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SLI, SLO, SLA explained in a way your kids will understand... maybe

SLI, SLO, SLA explained in a way your kids will understand... maybe
Photo by Colin + Meg / Unsplash

If you are reading this, you probably have been in a situation where you had to explain these terms to people that are not familiar with them. But if you haven’t, I can guarantee that you will. These terms are really simple but at the same time very easy to misunderstand.

I will try to explain the terms first and then use an analogy with football - the real one - that you can use or even help you to find a better analogy to use with the people you interact with.

SLI stands for Service Level Indicator. You can think of it as an indicator you probably already have in the business, a KPI. It is just that, an indicator of something that matters.

SLO stands for Service Level Objective. What is the target of good service you want to provide to your customers? That’s the goal. It is what you define as good service.

SLA stands for Service Level Agreement. This one is where you agree with someone that your service will not be below that level, or else there will be consequences or penalties. You’ll probably need to provide some kind of restitution for being below that target.

You don’t want to define an aggressive target for the SLA, you want something that you feel comfortable enough achieving 100% of the time to reduce the number of restitutions you need to give to the customer. The SLA is normally defined by the business, together with legal. SLOs can provide some support to both business and legal to understand how hard, or easy, it will be to achieve the target.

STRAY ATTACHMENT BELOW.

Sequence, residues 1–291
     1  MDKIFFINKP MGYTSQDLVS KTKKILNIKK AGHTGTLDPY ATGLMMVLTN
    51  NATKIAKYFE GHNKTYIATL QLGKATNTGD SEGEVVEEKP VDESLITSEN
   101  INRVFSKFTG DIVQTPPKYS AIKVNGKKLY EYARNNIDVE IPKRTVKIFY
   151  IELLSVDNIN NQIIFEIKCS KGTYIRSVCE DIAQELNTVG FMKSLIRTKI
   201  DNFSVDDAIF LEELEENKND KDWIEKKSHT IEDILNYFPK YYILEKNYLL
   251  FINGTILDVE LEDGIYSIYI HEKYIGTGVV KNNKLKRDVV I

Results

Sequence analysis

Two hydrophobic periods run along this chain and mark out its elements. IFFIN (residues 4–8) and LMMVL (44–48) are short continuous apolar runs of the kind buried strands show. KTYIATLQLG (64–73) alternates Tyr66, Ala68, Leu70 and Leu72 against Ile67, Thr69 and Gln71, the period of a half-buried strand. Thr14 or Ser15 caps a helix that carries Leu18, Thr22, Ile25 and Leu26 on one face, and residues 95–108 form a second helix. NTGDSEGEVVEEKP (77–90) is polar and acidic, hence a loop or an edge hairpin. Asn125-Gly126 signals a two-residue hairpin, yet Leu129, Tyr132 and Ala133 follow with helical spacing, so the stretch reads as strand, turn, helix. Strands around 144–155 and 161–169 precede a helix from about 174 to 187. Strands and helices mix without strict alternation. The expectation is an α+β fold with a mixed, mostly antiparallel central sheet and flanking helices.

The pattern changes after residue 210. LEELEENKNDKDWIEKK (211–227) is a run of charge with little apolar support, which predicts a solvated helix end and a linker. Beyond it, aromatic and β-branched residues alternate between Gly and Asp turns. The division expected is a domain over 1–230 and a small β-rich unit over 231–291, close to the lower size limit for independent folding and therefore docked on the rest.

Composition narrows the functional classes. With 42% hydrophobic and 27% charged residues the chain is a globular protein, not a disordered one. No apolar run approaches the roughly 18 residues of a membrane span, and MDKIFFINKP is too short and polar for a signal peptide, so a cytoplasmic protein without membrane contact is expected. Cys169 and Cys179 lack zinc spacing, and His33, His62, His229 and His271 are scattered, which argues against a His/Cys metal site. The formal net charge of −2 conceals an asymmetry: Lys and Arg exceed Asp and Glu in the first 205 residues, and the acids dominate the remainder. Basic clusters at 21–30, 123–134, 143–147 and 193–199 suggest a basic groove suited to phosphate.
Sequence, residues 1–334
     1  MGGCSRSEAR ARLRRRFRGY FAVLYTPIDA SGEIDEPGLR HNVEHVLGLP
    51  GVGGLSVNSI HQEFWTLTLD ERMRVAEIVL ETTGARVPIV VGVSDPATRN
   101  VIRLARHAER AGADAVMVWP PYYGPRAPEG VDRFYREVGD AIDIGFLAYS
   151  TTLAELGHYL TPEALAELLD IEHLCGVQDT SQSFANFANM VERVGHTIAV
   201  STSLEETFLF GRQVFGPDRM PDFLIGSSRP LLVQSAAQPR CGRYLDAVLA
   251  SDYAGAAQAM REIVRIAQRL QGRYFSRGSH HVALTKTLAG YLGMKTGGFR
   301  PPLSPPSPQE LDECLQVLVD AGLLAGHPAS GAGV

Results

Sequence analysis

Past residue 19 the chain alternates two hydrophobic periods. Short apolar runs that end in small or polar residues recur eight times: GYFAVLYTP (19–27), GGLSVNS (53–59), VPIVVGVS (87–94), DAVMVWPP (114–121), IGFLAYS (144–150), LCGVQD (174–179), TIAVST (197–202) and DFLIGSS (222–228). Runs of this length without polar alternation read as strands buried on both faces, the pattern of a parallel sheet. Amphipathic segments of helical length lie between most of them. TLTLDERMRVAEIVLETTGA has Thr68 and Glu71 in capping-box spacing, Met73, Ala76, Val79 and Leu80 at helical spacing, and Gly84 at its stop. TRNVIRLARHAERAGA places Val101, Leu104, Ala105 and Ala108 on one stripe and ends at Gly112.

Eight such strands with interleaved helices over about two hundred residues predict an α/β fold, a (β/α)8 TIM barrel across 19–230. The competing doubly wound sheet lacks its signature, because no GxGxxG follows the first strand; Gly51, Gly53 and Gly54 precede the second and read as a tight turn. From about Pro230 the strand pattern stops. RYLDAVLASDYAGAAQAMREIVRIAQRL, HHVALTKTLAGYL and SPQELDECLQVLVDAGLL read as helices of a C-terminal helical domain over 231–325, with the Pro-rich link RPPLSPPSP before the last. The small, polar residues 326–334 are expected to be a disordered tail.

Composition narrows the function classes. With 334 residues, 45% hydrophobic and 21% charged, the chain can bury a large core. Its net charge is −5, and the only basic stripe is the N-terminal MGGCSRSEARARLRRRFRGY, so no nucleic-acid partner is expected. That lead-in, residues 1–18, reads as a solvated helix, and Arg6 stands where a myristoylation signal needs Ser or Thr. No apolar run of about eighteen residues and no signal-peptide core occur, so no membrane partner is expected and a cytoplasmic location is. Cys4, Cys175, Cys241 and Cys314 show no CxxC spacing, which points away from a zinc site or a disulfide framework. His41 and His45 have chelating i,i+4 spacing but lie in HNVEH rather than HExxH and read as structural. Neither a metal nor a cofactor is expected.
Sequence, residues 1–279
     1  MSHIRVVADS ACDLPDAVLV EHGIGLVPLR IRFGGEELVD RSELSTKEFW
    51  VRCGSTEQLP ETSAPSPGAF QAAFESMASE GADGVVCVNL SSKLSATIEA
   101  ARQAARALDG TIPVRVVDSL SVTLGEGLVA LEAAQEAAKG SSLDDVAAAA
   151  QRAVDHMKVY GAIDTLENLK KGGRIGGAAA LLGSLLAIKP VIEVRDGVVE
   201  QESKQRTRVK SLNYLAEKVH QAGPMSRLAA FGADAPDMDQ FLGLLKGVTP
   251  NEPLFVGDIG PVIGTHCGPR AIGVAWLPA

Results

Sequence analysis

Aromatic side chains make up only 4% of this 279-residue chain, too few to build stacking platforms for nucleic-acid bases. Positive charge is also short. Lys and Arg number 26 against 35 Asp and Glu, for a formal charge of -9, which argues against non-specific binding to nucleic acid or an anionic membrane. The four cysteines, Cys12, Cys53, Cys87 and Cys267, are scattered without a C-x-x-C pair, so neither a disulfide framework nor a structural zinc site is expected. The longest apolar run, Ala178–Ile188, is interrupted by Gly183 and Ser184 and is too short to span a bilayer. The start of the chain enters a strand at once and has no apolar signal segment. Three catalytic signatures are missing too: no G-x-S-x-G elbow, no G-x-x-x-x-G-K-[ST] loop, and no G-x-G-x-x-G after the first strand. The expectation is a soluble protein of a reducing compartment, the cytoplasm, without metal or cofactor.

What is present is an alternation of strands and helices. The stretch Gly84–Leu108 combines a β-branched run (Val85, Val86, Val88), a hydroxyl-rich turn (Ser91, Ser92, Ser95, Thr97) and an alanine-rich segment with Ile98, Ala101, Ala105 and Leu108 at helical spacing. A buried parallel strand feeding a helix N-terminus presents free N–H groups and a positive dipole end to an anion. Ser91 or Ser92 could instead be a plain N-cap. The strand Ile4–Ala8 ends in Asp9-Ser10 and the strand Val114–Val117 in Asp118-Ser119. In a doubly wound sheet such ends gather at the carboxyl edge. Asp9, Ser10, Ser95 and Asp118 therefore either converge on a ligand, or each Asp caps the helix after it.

Football to the rescue

I will use the football I’m used to, I don’t know the rules for American football. In European football, there are some stats you can see for each player, one is the complete pass %. This indicator is the number of passes that the player did successfully, meaning it went from him to another colleague. As an example, you can see Cristiano Ronaldo’s stats.

The SLI: Complete pass %

This is the indicator. The number of passes that Ronaldo did successfully to a colleague.


Now, imagine you are Ronaldo’s coach and during your one-on-one, with Ronaldo, you both define the objectives for the next season. During the conversation, you went to the SLI complete pass % as a way to define the performance level Ronaldo should give to the team. You both align that the complete pass % should be above 85% for 90% of the matches in the last 30 days. Notice that you define a target, 90% of the times above 85%, and a time window, last 30 days.


Let’s imagine that, when Juventus negotiated the contract with Ronaldo, they both agreed that if complete pass % was below 85% for 80% of the matches during the previous month, Ronaldo would have to pay a fine of 100.000€.

I hope with this you find a good analogy to explain SLI, SLO, and SLAs and if you want to provide feedback and suggest a change on the calculations I did, please leave a comment or DM me on Twitter! Thanks!